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Biography of Fernand Paul Braudel (1902-1985)

French historian, born in Lumeville-in-Ornois, village of the French Lorraine in 1902, and died in Paris, in 1985. Of intellectual experience, he attended college at the University of Sorbonne (Paris) and in the practice Ecole des Hautes Études (practical school of high studies), which became director. He got at age twenty-one, in 1923, the added title, feat little current. He went to Algiers to practice teaching and immediately engaged in a doctoral thesis under the direction of Émile Bourgeois, Professor at the Sorbonne. His thesis revolved around the diplomatic history on Mediterranean policy of Felipe II of Spain. Algiers, although it provided an excellent Observatory to study navigation in the sea inside, to familiarize yourself with the Muslim world, not provided accurate file documents to carry out its ambitious work. Braudel was forced to investigate the full archive of Simancas (Valladolid). Little by little, it was expanding its conception of the work and undertook a long search by French, Italian and even Yugoslav archives.

His work was abruptly interrupted at the outbreak of the second world war. However, Braudel had already managed to gather most of their material and set the guidelines for his book. Like many of his contemporaries, he had to spend five years in a camp for prisoners in Germany. Despite this major obstacle had the courage to devote that time of confinement to the scientific work. He managed to receive books and notes and wrote numerous chapters. That way, it was possible that in 1947, with copies that are typed by the mismo same he could read the thesis, which two years later was published with the title of La Méditerranée et monde méditerranéen a l' époque de Philippe II (the Mediterranean and the Mediterranean world in the time of Felipe II). The work caused a great impression in the community of historians of the time. Presented in three volumes, was a detailed analysis of a vast geographic area (the Mediterranean and its area of influence) over a long period (the second half of the 16th century) in which the author staggered masterfully phenomena structural, cyclical and episodic, thus providing a phenomenal analysis of set. For Braudel structural phenomena were that affected more broad and lasting the life of societies, forming what he called as l'Histoire Lourde (the slow story). Braudel spoke of a sort of tertiary structure, subject to different evolutionary acceleration, that society should be studied in relation to the geographical environment, social relationships and the different political actions of the time.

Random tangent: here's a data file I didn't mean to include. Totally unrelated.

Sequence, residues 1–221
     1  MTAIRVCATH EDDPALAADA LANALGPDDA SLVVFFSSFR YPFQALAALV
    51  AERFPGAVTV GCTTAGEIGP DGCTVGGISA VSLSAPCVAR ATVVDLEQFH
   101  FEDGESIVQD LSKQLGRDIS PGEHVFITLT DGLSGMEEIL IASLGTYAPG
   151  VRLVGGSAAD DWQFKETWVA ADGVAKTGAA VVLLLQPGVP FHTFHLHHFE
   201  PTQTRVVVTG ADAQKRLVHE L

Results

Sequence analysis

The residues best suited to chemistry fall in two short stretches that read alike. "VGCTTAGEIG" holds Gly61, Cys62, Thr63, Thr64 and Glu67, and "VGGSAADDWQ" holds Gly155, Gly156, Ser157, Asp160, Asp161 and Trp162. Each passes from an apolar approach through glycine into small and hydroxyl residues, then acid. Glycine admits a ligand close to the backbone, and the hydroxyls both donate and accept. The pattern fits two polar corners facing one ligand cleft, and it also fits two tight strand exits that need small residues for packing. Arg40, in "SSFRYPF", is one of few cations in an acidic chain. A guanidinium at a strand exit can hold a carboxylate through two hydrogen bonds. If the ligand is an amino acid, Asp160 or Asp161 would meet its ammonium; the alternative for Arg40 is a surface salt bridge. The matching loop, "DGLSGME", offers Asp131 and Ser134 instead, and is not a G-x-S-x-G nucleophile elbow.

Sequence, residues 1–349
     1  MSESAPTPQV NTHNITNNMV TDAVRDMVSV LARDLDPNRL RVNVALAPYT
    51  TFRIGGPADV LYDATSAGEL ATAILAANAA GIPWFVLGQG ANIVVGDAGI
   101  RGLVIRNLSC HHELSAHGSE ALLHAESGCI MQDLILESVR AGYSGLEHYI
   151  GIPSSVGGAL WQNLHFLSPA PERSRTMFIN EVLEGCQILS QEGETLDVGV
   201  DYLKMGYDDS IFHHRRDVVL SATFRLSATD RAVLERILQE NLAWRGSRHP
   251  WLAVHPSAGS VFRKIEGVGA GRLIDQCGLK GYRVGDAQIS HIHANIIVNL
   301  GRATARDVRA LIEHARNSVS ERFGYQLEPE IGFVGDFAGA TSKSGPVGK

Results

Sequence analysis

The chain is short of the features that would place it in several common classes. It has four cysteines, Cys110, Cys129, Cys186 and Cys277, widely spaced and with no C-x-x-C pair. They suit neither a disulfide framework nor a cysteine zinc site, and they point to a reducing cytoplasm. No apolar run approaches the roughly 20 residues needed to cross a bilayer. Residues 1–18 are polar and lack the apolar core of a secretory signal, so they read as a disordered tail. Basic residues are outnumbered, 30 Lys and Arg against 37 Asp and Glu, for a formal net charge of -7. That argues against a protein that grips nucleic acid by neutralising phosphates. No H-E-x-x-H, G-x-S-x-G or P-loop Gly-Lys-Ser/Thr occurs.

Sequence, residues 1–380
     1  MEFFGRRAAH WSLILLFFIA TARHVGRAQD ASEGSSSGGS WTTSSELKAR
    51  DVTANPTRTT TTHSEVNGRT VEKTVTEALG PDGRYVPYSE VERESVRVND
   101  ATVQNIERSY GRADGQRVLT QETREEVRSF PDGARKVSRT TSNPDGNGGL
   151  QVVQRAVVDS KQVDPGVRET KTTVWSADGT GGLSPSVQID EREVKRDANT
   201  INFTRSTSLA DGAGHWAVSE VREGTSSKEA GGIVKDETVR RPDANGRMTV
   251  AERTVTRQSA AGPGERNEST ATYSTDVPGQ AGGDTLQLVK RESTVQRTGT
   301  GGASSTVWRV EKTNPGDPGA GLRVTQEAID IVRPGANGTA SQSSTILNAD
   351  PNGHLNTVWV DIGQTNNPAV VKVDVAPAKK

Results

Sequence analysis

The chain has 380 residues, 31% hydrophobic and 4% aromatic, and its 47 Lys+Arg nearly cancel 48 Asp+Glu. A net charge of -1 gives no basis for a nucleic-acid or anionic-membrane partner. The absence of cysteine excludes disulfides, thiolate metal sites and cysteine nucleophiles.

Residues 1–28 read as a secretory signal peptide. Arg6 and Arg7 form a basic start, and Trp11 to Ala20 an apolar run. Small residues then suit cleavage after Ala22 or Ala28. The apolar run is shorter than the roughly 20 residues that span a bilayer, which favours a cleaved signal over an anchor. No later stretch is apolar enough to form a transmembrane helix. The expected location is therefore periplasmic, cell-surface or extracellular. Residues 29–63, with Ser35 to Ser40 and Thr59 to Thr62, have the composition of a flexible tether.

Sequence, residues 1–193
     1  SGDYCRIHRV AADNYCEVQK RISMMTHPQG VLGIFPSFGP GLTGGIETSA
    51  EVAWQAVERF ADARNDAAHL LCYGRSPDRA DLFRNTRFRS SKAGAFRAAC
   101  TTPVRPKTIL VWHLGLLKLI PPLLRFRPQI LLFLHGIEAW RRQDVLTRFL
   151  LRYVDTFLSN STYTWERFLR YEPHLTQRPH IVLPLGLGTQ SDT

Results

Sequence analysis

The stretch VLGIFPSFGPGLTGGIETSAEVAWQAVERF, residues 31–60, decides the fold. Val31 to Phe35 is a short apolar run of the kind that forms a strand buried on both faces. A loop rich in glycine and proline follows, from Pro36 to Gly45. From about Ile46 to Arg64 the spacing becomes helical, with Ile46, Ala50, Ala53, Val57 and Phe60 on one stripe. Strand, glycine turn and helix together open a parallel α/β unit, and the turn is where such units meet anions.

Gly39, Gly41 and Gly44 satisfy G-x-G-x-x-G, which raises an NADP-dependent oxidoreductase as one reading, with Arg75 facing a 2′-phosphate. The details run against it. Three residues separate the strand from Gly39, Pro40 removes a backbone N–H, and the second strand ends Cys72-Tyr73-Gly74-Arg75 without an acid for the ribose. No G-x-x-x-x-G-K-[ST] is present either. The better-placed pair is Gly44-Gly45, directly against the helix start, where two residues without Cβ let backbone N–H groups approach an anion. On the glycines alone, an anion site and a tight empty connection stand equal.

Fernand Braudel got a great weight within the scope of the historians. Lucien Febvre, reach retirement, yielded his chair in the College of France to Braudel, his direct disciple. At the same time, Braudel retained his teaching at the École practice of the Hautes Études. Thanks to these two charges he could release the ordinary tasks of higher education and engage in personal research. In 1951, together with his teacher Lucien Febvre, he founded the Centre de Recherches Historiques (historical studies centre), which secured the release of several economic and social history collections. Until the year 1956, year of the death of Lucien Febvre, was considered the second historian of France. From that year its pre-eminence was manifested with the direction of the famous magazine, founded by Lucien Febvre and Marc Bloch in 1929, called Annales. Economies. Sociétés. Civilisations (Annals. Economies. Societies. Civilizations).

In 1967 he published his second major work entitled Civilisation matérielle the capitalisme: XV-XVIII siècles (material civilization and capitalism: the 15th until the 18th), structured in three volumes. This work was conceived under a completely different to the previous level. It is a very ambitious synthesis since it's around the globe. According to Braudel, cultures corresponded to an elementary State of social organization, while civilizations are located a highest rung. The book is the result of a series of courses made for several years at the College of France.

In conclusion, suffice it to name a few of the most important works of Fernand Braudel, such as: the dynamics of capitalism (Madrid 1985), a history lesson of Fernand Braudel (Mexico, 1989), history and the social sciences (Madrid, 1968).


AGUIRRE ROJAS, C.A: Fernand Braudel and the social sciences. (Barcelona, 1996).

FEBVRE, L: Un livre qui grandit: La Méditerranée. (Paris, 1950).


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